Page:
It begins and ends with a drum: at first, a monolithic beat, slow and brilliant and violent, inviting the audience into this unique location – a hollowed out and disused underground bar, once the home of a notorious lap dancing club, now left to decay. And then, as the audience are guided through the damaged rooms, invited to look at the various performances that seem to be almost incidental (yet are crucial and evocative), the beat becomes faster and heavier. Like a site-specific version of Reich’s Music for Eighteen Musicians, Animal Nature reveals the elegiac power of percussion.
Despite the intensity of space and music, there is a mocking humour behind the intention. Kennedy has stand up comic miming their acts, dancers talking through their movements, photographers posing themselves in front of their models’ cameras. The inversion of the expected, itself expressed in the increasing use of rhythm as melody, forms the foundation of Animal Nature. At once hilarious and shocking, it asks hard questions about both the nature of art and the essential nature that supposedly creates it.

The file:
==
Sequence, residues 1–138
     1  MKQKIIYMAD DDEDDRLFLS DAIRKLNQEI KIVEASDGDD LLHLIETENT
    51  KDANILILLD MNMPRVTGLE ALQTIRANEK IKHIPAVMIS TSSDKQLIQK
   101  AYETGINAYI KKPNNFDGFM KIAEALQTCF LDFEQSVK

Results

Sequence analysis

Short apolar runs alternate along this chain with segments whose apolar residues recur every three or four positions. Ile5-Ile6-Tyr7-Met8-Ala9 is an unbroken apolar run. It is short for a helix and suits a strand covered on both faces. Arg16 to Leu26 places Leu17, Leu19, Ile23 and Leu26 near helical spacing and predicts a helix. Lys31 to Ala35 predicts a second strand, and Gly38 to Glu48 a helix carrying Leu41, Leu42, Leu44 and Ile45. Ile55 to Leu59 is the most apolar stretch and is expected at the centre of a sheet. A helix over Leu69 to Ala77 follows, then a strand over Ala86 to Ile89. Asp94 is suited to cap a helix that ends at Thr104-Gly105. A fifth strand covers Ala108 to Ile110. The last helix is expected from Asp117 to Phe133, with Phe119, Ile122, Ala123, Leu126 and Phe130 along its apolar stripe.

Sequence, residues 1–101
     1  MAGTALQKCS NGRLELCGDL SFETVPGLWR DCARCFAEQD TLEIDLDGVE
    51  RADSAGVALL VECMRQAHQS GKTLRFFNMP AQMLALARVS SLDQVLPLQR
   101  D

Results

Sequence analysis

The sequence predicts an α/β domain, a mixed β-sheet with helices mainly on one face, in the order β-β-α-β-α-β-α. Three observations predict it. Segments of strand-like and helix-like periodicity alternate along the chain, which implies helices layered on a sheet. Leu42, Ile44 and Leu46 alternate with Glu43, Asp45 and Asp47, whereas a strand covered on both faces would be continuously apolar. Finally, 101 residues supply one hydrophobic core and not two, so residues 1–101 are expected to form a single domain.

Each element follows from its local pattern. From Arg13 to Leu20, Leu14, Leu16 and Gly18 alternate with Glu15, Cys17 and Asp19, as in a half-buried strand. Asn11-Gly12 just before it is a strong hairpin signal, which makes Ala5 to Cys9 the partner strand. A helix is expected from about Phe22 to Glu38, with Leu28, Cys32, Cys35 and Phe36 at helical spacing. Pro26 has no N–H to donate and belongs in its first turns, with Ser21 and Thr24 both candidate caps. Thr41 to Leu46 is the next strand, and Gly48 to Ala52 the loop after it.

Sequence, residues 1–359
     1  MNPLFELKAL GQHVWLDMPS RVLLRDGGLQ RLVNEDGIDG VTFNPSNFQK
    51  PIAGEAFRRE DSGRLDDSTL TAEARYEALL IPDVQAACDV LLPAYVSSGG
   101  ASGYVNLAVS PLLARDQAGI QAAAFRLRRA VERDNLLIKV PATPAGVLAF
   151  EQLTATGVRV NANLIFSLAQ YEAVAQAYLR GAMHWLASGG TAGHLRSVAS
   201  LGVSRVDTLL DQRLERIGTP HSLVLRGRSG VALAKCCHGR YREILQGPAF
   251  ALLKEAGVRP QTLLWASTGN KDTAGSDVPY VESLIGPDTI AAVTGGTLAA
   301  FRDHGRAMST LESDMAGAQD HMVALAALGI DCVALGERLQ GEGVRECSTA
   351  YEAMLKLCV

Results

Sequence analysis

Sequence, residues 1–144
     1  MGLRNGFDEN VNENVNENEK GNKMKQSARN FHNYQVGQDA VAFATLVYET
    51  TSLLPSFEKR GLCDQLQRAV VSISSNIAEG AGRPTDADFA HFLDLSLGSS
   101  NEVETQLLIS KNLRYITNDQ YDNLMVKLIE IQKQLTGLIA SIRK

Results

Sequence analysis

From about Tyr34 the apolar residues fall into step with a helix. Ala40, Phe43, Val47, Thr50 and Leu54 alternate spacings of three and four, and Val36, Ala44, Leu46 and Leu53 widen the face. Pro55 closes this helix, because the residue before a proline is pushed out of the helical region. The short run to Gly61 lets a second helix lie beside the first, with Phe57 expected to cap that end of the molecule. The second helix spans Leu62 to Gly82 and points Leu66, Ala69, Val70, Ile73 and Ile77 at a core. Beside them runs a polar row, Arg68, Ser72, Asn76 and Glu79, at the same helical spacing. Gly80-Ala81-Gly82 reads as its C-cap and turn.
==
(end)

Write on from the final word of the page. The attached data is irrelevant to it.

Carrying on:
Kennedy’s earlier pieces have had a restless energy that is replaced here by a knowing, cynical wit: the audience is led around, but invited to consider their own free will in a place where nothing is as it seems. The final words – why did you do as I asked? – delivered by an unseen male bring home the fundamental questions of the work, that tension between the pounding beat of instinct and the civilised restraint that evolves into both obedience and creativity.